How did you get into photography?

I’ve always liked to think of myself as a creative person, but my singing voice and attempts at painting say otherwise. But in the late naughties myself and my now wife did a fair bit of travelling, and naturally we thought it a good idea to take some cameras. It wasn’t until then in dawned on me that taking pictures could be a creative outlet, so I stuck the karaoke machine and paint brushes in the back of the cupboard, and got to learning how to take pictures.


What makes a bicycle a good tool for you as a photographer?

Lots of the images I take are in difficult to reach places. That means a car likely won’t get you close enough, and if you’re on foot it’ll take all day to reach a single location. A bike is often a perfect happy medium enabling you to see lots more stuff before the sun goes down. In fact even if you spot a beautiful scene next to a roadside, I’d still much rather be on the bike than in a car because finding somewhere to pull over in a car at those spots is where I do 90% of my swearing.

Why a bike like a Bokeh in particular?

Versatility. I love my mountain bike but it has a tendency to pretend it’s swimming in treacle on the road. The Bokeh eats up bridleways but when I’m back on the road it gets me home for dinner in no time. And mine is orange, which is worth at least 100 watts.


How do you have your Bokeh bicycle set-up for photography? How do you carry your kit?

On my back for the most part, with any kit that isn’t electronic in bags o the . I’d love to put more camera gear on the bike but because the Bokeh is so capable off-road that’s where I like to play, and cameras just don’t like that kind of vibration.


Where are you based in the UK? Why there?

I live just outside of Snowdonia in North Wales. Luckily for me I grew up here and I love it. We’ve got coastline and mountains, and we’re not at the end of the earth so getting to other parts of the country is easy. It is wet though, so leave the dry lube at home. 

Being based in Wales and exploring it a lot you must know it pretty well. Whereabouts in Wales would you recommend we visit with our bikes?

If you’ve got a mountain bike, get up Snowdon on the Llanberis path and down on the Ranger path. In the summer months you have to do it in the early morning or evening as there’s a cycling agreement in place. On an adventure bike, head in an direction from Capel Curig and you’ll find mountains, woodland fire roads and if you’re unlucky, completely unrideable bogs. But in any case, you’ll get back to the car with a story!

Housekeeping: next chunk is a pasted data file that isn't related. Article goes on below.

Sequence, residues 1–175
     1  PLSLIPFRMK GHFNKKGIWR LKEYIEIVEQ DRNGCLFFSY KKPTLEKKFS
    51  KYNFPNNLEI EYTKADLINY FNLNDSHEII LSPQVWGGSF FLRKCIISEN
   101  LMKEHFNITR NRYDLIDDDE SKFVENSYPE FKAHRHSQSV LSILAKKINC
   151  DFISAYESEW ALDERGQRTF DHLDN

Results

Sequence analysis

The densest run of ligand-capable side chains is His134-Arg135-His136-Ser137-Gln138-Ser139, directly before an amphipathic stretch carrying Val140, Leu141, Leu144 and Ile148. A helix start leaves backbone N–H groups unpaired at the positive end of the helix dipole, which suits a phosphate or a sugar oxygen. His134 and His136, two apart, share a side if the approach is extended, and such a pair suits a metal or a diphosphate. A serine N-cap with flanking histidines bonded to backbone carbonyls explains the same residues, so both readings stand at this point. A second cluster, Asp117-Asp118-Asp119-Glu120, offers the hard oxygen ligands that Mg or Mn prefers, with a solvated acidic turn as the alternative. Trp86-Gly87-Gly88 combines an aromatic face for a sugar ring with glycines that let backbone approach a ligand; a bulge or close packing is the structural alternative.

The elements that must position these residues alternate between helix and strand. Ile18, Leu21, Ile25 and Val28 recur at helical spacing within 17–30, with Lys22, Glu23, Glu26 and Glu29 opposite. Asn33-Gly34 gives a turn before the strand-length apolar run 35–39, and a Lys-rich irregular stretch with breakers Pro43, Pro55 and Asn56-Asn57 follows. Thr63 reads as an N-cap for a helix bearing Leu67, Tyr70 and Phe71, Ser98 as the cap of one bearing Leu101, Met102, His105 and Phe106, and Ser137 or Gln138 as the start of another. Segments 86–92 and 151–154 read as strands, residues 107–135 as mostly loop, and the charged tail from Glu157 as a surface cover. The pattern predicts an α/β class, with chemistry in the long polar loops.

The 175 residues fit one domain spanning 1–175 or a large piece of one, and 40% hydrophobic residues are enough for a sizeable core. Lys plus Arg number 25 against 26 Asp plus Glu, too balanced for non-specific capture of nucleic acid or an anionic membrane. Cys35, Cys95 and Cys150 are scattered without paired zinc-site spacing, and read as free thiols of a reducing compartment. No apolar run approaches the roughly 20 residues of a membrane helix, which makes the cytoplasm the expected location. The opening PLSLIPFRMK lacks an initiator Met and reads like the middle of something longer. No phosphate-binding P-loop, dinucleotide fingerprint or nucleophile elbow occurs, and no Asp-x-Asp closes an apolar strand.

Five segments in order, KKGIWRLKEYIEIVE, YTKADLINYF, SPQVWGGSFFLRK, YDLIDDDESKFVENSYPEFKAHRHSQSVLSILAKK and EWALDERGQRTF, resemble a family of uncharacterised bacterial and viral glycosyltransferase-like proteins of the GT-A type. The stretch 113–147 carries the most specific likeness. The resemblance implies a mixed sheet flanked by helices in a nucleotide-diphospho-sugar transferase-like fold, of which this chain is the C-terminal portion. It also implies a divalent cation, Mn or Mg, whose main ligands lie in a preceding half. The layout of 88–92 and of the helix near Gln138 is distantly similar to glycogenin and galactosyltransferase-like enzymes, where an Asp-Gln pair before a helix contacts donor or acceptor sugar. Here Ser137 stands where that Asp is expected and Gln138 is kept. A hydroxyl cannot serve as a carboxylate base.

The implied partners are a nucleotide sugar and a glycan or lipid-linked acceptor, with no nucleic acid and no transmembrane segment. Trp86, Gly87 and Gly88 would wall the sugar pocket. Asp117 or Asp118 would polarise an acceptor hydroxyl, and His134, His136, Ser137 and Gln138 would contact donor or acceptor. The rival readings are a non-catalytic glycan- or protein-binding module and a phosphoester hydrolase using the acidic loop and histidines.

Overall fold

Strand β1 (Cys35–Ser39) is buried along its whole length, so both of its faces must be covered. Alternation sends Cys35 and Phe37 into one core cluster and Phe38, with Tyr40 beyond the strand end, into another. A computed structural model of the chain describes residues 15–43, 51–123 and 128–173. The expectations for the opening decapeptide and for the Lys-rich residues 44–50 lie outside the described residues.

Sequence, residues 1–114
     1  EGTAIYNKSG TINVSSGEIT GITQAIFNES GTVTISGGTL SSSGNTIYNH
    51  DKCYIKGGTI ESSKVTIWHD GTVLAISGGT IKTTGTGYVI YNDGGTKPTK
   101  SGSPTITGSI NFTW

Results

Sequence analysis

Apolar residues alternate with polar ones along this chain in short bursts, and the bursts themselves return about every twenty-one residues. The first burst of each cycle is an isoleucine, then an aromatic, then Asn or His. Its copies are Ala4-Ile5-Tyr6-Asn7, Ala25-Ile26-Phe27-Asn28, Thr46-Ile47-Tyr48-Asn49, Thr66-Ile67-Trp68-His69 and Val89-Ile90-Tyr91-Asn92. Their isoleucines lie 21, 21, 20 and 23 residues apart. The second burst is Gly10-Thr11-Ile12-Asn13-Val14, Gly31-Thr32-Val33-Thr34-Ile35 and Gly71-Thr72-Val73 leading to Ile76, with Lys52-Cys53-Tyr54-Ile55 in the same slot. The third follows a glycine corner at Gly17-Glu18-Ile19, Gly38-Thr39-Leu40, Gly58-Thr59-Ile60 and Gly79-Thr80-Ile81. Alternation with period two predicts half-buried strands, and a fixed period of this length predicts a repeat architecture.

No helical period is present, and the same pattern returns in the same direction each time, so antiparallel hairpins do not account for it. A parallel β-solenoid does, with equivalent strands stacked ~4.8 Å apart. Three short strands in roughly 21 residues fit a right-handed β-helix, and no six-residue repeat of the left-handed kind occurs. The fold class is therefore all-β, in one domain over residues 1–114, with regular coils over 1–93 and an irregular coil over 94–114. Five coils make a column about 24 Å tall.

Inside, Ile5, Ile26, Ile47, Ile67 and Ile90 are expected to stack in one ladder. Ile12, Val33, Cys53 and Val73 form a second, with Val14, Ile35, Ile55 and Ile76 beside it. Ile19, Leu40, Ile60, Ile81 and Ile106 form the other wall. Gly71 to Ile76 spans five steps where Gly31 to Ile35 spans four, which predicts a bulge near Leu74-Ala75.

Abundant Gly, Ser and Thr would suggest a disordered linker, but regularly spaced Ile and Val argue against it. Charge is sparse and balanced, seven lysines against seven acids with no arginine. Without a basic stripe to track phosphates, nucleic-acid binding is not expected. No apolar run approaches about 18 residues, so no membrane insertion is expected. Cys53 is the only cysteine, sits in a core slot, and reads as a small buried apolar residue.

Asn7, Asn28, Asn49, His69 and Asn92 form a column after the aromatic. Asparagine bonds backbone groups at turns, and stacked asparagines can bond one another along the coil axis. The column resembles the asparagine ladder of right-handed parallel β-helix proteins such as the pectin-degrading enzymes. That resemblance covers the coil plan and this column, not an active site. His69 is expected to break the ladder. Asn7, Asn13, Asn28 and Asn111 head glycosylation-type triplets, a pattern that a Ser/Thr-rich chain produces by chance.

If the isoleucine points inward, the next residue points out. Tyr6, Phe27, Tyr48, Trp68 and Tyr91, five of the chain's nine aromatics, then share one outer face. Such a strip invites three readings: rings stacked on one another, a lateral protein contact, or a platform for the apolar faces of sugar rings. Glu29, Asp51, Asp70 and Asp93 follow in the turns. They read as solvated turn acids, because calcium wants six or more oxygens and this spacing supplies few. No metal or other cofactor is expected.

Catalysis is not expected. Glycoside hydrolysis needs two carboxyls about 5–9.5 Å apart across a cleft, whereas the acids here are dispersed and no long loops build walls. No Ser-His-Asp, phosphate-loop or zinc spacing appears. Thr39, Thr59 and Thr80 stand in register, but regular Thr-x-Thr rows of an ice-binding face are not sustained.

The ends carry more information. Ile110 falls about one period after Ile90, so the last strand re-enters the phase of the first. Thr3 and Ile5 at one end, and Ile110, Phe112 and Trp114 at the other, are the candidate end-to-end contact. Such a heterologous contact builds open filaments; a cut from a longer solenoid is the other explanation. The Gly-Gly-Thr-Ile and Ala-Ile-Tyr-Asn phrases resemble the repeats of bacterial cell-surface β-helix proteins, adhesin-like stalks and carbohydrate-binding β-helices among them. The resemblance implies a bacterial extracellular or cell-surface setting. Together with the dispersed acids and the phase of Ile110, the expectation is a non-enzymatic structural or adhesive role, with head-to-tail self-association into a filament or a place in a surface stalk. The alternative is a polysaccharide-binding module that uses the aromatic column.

How is your work split, commercial/pro work, YouTube etc?

These days all of my work comes as a result of my YouTube channel. So alongside ad revenue and sponsored videos, I sell books and prints, and I run photography tours around the world. It’s all only possible because of the YouTube channel though. 

What's in your camera bag?

I currently use a range of bodies from Lumix, and with lenses I like to cover myself from 16mm to 200mm. When I’m conscious of weight I take my micro four thirds gear, and if I’m shooting in low light then I’ll opt for a full frame set up. 


Please tell us about the top 3 places you've taken photos?

Greenland, Sri Lanka and the Dolomites. 3 completely different places but all special in their own way. Greenland has to be the pick though, I’ve been lucky to visit a couple of times and what always gets me is the silence. It’s the only place I’ve ever been where away from the towns, there is zero noise. Apart from my camera's shutter, obviously.


And where do you most want to go right now?

I’m lucky enough to have lots of special trips in the diary - Antarctica, Patagonia, Namibia to name a few. To be honest though I’ve started feeling a little conflicted about travel for the sake of pictures. These trips involve lots of flights, sometimes helicopters, hotels, lots of single use plastics. I’m looking to find a way to adventure that doesn’t make me feel quite as burdensome going forward. That screams bike packing doesn’t it...

Can you give us 3 tips for making better photographs while out on our bikes? Or rephrasing it, what are the 3 top mistakes that people make when making images while bikepacking? 

The best photography tip I can give that applies to any circumstance is to strip everything back to basics. Most people look to cram as much into a photo as possible, which is like trying to get as many instruments into a piece of music as possible. Every element that you add to a photo likely adds confusion, indifference and noise. Aim to make your images as simple as they can possibly be, and people will engage with them more. Always think “what can I remove from this scene?” rather than “what can I add?"


What would you recommend for a simple bikepacking camera setup?

It’s cliche, but phones have come a long long way. If you’re after the best image quality in the lightest set up possible, I’d go for a mirrorless full frame camera with something like a 24-105mm lens, which gives a great general purpose coverage. Just be careful about keeping it in your bar bag if you’re heading onto the rough stuff.